The National Czech and Slovak Museum and Library in Cedar Rapids, Iowa, prides itself on bringing Czech and Slovak expats more in touch with their roots, as well as inspiring all people to connect with Czech and Slovak history and culture. The museum’s President and CEO Cecilia Rokusek visited Radio Prague’s studio to talk about its mission, current projects and outlooks for the future. I first asked her to say a few words about the museum’s history.
“The National Czech and Slovak Museum for the United States was established by a group of visionaries in 1974 who wanted to preserve and celebrate the Czech and Slovak culture that was established in the US. This early group of visionaries built a very small museum in an old building and in 1995 a brand new structure was built and it was dedicated by President Havel, President Clinton and President Kovač – all three of them came to Cedar Rapids and dedicated the museum. Then in 2008 the museum was almost completely destroyed by a flood. It took four years to rebuild and they literally moved the entire structure across the street to higher ground and almost doubled the size of the museum, so as a result of the flood we are bigger and stronger.”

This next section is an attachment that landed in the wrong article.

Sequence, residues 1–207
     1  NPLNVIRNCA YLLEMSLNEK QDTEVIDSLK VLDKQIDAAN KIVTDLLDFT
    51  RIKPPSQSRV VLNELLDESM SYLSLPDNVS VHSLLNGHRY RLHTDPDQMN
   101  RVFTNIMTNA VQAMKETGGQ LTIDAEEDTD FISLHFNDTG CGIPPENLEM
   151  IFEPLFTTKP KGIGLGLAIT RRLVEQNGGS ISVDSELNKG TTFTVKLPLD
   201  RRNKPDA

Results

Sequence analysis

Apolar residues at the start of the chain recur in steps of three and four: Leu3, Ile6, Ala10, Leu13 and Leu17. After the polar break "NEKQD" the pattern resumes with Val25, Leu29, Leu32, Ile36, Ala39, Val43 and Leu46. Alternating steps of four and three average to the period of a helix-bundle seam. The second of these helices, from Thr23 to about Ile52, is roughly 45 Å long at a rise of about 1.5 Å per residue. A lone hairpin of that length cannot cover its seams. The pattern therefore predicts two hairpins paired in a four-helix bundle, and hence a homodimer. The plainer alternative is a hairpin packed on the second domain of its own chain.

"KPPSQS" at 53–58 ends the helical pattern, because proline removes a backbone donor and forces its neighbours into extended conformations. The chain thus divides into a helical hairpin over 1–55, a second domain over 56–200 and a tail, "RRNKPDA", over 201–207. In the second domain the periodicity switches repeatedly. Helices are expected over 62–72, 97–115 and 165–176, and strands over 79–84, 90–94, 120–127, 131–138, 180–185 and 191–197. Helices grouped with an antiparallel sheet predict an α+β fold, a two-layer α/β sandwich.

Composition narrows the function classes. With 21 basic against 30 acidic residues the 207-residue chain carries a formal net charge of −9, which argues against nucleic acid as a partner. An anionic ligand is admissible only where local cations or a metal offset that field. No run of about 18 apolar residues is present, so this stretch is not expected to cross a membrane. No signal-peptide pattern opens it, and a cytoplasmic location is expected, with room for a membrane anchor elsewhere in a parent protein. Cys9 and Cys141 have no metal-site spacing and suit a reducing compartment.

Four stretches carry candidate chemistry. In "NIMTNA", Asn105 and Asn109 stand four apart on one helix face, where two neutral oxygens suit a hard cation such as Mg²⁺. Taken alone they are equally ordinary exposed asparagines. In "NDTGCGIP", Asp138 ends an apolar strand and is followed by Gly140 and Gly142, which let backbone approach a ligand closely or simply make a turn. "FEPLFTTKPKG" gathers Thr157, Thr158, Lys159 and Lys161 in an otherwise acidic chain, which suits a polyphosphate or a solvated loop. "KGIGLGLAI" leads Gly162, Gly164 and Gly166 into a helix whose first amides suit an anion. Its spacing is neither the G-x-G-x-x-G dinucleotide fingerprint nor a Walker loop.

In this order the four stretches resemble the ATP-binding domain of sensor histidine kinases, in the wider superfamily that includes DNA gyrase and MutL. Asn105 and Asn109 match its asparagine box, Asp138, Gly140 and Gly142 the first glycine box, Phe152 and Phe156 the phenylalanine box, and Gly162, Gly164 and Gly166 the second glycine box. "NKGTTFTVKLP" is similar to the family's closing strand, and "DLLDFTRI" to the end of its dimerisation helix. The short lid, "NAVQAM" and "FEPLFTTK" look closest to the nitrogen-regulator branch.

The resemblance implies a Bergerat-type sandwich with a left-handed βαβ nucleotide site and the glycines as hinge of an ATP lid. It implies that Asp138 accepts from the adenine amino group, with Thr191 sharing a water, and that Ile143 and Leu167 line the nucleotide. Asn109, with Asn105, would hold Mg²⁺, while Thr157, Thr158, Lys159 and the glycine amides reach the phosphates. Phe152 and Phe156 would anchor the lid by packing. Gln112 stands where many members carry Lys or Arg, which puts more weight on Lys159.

How close-knit is the Czech and Slovak community in Cedar Rapids?
“Well, if we look at the historical development of Cedar Rapids, Iowa, about 100 years ago some 28 percent of the population was of Czech ancestry. More Czechs settled in that area than Slovaks, because if we look at the migration of Czechs and Slovaks to America we’ll see that most of the Czechs came to the middle heartland of America – Iowa, Nebraska, South Dakota, North Dakota, Oklahoma -and the highest number of Czechs currently are in Texas. Whereas the Slovaks –some settled in Chicago, some settled in Cleveland, we have a large population there, and others settled in Pennsylvania and New Jersey. So in the heartland we have a bigger imprint of Czechs but there is also a Slovak influence because of course at one time we were Czechoslovakia.”